Then what if your child dies in terrible circumstances? What if you are the subject of a wrongful arrest? What if you discover an MP is taking backhanders for something?

Who will you go to when the Government controls the paper you hope will expose it? To a lawyer who costs hundreds of pounds an hour with no guarantee of any sort of justice ? (And by the way Featureworld gets more complaints about lawyers, their poor service and fat fees, than any other profession.)

Yet, this is the potential reality – nowhere to go for justice – facing all of us if the press is regulated by law. Most certainly had all this happened years ago, then MPs would still be claiming those expenses paid for by the taxpayer. Many care home abuses would still be going on.

Law includes internet bloggers

And don’t think as a tweeter or blogger (ie: you are a publisher) you will be able to get your grief out via the internet either. Because these laws will cover any blogs ‘directed at an audience in the UK’. If you don’t comply you will be shut down. In fact, we recently told the story of a blogger hauled into the High Court and fined £25,000 for airing her a grievance in this way.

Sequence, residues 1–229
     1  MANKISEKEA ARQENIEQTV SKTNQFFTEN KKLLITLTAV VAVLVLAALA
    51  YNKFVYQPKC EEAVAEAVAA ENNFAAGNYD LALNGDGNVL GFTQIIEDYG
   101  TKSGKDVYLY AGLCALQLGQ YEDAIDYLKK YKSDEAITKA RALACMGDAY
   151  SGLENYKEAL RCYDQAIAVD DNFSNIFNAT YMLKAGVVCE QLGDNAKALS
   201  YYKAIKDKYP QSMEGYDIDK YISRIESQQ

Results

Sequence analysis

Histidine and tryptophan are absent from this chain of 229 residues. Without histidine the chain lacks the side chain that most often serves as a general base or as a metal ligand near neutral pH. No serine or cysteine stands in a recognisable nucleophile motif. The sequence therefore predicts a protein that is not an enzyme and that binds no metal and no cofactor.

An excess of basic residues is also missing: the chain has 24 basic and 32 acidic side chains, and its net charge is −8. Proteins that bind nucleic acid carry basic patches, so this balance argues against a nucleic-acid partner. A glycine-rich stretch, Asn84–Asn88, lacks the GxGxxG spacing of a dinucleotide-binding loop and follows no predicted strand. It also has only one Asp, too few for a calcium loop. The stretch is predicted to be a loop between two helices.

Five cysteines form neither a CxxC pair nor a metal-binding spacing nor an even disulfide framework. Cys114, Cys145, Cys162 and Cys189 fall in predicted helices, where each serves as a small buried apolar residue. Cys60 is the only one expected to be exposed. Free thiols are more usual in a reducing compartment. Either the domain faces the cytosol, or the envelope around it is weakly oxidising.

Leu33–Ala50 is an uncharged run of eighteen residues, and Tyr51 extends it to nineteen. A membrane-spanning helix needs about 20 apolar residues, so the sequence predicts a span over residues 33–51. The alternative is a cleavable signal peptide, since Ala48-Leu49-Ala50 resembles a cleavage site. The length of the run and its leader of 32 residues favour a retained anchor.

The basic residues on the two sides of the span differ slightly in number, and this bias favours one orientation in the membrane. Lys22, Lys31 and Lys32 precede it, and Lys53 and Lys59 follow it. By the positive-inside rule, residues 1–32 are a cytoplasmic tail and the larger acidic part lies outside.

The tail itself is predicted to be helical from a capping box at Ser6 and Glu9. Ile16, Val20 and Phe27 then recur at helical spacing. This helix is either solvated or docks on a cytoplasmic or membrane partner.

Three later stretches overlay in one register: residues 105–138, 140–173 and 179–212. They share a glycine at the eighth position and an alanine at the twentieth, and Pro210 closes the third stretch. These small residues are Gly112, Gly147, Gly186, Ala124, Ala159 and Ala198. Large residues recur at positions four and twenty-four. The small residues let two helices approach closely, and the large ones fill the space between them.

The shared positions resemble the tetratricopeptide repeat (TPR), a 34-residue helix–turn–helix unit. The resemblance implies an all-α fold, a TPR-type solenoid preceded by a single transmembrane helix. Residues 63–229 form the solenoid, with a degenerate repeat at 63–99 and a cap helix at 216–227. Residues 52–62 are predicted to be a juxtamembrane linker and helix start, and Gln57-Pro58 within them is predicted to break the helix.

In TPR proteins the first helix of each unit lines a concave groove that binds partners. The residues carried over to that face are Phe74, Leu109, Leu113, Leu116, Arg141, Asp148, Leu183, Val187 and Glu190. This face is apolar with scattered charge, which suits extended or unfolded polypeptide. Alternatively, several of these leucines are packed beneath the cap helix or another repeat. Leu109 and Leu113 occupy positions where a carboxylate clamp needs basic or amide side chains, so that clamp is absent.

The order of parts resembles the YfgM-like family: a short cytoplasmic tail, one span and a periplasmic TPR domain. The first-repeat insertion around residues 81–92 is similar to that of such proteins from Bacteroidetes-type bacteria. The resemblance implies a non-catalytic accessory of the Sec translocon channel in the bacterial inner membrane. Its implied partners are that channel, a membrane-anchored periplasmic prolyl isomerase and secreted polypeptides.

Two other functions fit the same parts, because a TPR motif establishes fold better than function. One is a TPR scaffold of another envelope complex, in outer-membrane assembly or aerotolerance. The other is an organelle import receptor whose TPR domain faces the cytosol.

Many people – mistakenly – believe this is all about newspapers wanting to carry on printing kiss and tell stories about celebrities. But don’t worry – after this there will be more celebrity stories than ever to fill those gaps where once investigative journalism had a place.

Alison Smith-Squire

Alison Smith-Squire is a writer, journalist and media agent selling exclusive real life stories to newspapers, magazines and TV. She owns the sell my story website, which was set up to help ordinary people sell their stories to the press.